Chemistry, Lawrence Scientific School, least not without great difficulty; for
Harvard, in 1858-63; when he went wool and live sheep are contraband goods,
abroad, studied chemistry and investigated which all strangers are prohibited from
European educational methods. In 1865- carrying out on pain of having the right
60 he was Professor of Analytical Chem- hand cut off." In 1761 the London So-
istry, Massachusetts Institute of Tech- dety for the P]ncouragement of Arts,
nology, and in 1860 became president of Manufactures, and Commerce honored him
Harvard University. He is a Fellow of with its medal, for producing malleable

iron from American black sand, and he
w r as made a member of the Royal Society
of London. He was the first to introduce
the white mulberry into Connecticut, and
with it silk-worms, and published .1
treatise on silk-culture. Mr. Eliot was
also an able physician, and was particu
larly successful in the treatment of in
sanity and chronic complaints. He died
in Killingworth, Conn., April 22, 1763.

Eliot, JOHN, the Apostle to the Indians :
born either in Nasing, Essex, or Widford.
Hertfordshire, England, presumably in
1604, as he was baptized in Widford, Aug.
5, 1604. Educated at Cambridge, he re
moved to Boston in 1631, and the next
year was appointed minister at Roxbury.
Seized with a passionate longing for the
conversion of the Indians and for improv
ing their condition, he commenced his
labors among the twenty tribes within
the English domain in Massachusetts in
1he American Academy of Arts and October, 1646. He acquired their Ian-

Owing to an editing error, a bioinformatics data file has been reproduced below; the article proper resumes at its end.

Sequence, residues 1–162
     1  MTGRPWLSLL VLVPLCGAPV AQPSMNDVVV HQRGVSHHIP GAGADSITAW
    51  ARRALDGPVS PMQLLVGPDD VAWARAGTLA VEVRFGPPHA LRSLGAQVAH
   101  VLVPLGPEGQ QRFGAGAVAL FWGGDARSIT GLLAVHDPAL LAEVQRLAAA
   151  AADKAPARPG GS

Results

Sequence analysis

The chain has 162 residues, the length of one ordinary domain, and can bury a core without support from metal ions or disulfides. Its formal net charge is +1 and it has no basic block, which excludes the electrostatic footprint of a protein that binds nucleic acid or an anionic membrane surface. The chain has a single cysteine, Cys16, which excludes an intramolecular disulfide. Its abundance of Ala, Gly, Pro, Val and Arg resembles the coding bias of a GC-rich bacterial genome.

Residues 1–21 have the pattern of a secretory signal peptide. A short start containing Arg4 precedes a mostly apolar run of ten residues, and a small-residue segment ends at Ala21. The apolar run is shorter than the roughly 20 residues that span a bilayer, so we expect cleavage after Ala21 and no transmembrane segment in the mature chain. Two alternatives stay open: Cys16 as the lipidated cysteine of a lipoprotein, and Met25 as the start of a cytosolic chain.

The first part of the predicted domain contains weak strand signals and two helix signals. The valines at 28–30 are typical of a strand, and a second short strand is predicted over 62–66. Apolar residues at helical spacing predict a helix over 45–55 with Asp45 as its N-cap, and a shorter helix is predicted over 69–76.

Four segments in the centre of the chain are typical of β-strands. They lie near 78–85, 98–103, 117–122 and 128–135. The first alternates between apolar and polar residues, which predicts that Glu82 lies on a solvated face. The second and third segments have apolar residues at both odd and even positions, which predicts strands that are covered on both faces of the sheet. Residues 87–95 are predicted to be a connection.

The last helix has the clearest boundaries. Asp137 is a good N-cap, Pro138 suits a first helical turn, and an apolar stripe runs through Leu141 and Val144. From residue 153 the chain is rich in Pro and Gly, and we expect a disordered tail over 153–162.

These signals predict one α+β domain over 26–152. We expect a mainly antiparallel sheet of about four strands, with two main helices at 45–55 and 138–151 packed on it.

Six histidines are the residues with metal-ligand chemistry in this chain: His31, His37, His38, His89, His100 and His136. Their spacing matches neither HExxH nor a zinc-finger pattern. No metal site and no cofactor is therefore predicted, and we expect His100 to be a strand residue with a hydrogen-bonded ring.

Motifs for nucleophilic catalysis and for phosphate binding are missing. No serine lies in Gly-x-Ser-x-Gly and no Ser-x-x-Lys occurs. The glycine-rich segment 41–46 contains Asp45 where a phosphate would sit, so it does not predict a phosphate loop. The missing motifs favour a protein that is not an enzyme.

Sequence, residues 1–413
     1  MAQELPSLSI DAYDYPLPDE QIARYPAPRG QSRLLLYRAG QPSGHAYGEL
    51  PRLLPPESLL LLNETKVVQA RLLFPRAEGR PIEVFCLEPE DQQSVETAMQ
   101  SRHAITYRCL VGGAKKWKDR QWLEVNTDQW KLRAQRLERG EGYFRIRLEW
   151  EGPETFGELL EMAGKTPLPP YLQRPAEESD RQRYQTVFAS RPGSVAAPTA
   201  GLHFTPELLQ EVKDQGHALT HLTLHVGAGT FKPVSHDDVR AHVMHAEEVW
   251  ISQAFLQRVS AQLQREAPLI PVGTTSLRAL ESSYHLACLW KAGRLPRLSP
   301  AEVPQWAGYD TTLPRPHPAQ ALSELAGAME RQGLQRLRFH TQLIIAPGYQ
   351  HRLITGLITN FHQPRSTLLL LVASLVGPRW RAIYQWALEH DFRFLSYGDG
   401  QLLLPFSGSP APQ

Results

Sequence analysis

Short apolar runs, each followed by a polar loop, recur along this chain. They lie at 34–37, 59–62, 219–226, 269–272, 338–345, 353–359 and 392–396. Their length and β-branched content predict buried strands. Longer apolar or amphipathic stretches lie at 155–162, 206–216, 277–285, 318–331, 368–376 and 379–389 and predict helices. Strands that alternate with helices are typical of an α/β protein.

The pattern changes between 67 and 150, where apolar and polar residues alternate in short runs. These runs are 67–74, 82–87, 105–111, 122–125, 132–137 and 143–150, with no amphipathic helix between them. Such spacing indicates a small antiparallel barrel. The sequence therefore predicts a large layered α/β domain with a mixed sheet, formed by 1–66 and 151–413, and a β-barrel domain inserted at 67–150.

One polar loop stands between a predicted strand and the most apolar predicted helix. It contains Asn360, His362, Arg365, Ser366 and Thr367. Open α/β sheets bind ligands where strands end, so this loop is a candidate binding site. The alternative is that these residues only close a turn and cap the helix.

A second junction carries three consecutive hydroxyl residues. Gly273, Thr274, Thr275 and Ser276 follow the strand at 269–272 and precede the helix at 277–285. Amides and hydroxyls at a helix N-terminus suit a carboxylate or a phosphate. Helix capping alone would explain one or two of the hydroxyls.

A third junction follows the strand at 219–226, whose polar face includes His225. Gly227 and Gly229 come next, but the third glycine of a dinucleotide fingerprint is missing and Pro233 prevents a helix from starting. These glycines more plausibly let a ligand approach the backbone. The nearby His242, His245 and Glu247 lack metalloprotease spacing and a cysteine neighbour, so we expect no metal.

Sciences, the American Philosophical So- guage through an Indian servant in his


<nety, etc. He has given many note
worthy addresses on educational and
scientific subjects. He is the author of
Manual of Qualitative Chemical Analysis

family, made a grammar of it, and trans
lated the Bible into the Indian tongue.
It is claimed that Eliot was the first
Protestant minister who preached to the

(with Prof. Francis H. Storer) ; Manual Indians in their native tongue. An Ind-
of Inorganic Chemistry (with the same) ; ian town called Natick was erected on the
Five American Contributions to Civiliza- Charles River for the " praying Indians "
tion, and other Essays; EduoatioTKil Re- in 1657, and the first Indian church was
form, etc. established there in 1660. Fhiring King




Philip s War Eliot s efforts in behalf of
the praying Indians saved them from de
struction by the white people. He trav
elled extensively, visited many tribes,
planted several churches, and once
preached before King Philip, who treated
him with disdain. He persuaded many to

adopt the customs of civilized life, and
lived to see twenty-four of them become
preachers of the Gospel to their own
tribes. His influence among the Indians
was unbounded, and his generosity in
helping the sick and afflicted among them
was unsparing. Cotton Mather affirmed,
We had a tradition that the country
could never perish as long as Eliot was
alive." He published many small works
on religious subjects, several of which
were in the Indian language. His great
est work was the translation of the Bible
into the Indian language (1661-66), and
was the first Bible ever printed in Amer
ica. It is much sought after by collectors.
The language in which it was written has
perished. He died in Roxbury, Mass.,
May 20, 1690.

The Brief Narrative. This was the
last of Eliot s publications relating to the
progress of Christianity among the
American Indians. Its full title was:

" A Brief Narrative of the Progress of
the Gospel amongst the Indians in New Eng
land, in the Year 1670, given in by the Rever
end Mu. JOHN ELLIOT, Minister of the Gospel
there, in a LETTER by him directed to the
Right Worshipfull the COMMISSIONERS under
his Majesties Great-Seal for Propagation of
the Gospel amongst the poor blind Natives in



those United Colonies. LONDON, Printed which vested in the crown the supremacy

tor John Allen formerly living in Little- claimed by the pope; the mass was abol-